Free Markets, Free People

memos

Podcast for 26 Apr 09

In this podcast, Michael, and Dale discuss the torture memos and their possible legal consequences, and the possible securities law violations that the treasury committed in administering the TARP program.

The direct link to the podcast can be found here.

Observations

The intro and outro music is Vena Cava by 50 Foot Wave, and is available for free download here.

As a reminder, if you are an iTunes user, don’t forget to subscribe to the QandO podcast, Observations, through iTunes. For those of you who don’t have iTunes, you can subscribe at Podcast Alley. And, of course, for you newsreader subscriber types, our podcast RSS Feed is here. For podcasts from 2005 to 2007, they can be accessed through the RSS Archive Feed.

About Those Torture Memos…

Well, this is an unexpected revelation.  In all the imbroglio about the “torture memos” and the possibility that the justice department may look into torture indictments of various officials, Rep Pete Hoekstra (R-MI) writes that it’s a bit hypocritical for Congress to escape scrutiny.  Apparently, they knew all about it.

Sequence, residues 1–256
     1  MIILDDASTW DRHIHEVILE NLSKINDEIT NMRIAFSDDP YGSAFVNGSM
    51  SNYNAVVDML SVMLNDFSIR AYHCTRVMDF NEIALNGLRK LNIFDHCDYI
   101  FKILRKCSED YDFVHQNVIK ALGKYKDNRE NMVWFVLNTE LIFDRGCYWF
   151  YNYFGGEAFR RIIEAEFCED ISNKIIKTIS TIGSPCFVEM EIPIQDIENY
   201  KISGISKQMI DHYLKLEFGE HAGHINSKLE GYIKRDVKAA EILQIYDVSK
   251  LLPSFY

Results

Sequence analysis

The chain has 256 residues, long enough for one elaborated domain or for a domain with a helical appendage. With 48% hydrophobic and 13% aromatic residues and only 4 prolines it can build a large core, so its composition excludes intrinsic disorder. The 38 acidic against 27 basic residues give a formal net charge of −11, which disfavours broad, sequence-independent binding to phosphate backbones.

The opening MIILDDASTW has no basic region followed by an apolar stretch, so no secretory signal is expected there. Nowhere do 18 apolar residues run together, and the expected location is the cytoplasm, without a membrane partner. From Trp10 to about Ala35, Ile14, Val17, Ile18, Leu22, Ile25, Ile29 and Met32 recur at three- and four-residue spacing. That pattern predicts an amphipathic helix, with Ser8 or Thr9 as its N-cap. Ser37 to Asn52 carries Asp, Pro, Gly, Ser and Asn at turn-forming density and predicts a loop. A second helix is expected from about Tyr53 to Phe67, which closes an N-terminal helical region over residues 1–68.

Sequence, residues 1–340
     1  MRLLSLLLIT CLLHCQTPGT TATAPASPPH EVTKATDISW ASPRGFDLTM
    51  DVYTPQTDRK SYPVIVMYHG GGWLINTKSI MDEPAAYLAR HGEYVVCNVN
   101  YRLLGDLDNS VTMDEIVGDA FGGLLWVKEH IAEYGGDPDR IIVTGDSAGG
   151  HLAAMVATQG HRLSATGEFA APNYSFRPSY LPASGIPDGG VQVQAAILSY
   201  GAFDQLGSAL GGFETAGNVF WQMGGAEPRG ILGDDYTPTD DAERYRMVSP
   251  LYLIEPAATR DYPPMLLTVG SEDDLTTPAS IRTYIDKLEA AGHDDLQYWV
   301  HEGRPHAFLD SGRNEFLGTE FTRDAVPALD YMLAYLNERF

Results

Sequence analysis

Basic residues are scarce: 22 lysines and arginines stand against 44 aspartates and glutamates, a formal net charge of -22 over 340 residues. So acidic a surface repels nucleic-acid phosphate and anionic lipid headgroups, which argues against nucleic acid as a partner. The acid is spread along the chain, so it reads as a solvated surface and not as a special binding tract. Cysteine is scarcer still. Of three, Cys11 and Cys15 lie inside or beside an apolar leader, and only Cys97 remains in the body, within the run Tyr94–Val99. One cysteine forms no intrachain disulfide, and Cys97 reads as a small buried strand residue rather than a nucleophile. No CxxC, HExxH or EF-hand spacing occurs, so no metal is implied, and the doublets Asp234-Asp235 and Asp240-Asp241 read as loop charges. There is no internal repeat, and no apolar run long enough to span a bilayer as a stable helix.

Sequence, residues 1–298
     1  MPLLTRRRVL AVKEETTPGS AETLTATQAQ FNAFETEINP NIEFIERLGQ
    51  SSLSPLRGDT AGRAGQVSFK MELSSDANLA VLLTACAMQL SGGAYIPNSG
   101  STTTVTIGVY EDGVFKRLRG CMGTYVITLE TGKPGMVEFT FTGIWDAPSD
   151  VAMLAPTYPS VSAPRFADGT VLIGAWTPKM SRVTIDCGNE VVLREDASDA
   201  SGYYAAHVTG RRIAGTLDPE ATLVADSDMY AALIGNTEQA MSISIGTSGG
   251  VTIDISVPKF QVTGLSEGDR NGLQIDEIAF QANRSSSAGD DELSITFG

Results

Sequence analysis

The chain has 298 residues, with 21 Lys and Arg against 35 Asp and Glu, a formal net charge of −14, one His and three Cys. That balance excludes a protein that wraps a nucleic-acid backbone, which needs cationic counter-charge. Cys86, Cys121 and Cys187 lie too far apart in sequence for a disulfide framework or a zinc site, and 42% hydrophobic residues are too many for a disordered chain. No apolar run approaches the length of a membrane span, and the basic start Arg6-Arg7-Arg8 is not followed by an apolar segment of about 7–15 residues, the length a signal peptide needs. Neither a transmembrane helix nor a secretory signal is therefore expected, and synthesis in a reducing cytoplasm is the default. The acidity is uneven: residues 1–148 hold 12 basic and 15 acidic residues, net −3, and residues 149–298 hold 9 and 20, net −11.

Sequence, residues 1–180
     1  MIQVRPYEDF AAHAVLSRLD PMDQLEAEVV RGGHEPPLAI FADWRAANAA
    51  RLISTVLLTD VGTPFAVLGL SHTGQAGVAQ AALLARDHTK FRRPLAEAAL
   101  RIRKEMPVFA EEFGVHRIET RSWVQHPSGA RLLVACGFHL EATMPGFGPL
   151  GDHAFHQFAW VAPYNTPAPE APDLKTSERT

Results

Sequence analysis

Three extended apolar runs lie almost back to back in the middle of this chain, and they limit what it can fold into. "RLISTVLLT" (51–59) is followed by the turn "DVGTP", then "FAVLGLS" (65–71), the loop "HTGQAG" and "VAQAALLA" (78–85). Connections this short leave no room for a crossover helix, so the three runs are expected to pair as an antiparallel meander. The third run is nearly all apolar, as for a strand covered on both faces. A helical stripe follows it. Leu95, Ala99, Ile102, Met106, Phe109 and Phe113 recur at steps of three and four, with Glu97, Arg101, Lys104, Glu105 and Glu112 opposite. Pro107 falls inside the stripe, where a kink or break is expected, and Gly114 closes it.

It was not necessary to release details of the enhanced interrogation techniques, because members of Congress from both parties have been fully aware of them since the program began in 2002. We believed it was something that had to be done in the aftermath of the 9/11 terrorist attacks to keep our nation safe. After many long and contentious debates, Congress repeatedly approved and funded this program on a bipartisan basis in both Republican and Democratic Congresses…

Members of Congress calling for an investigation of the enhanced interrogation program should remember that such an investigation can’t be a selective review of information, or solely focus on the lawyers who wrote the memos, or the low-level employees who carried out this program. I have asked Mr. Blair to provide me with a list of the dates, locations and names of all members of Congress who attended briefings on enhanced interrogation techniques.

Hmmm.  That actually might be interesting to see.  Very interesting.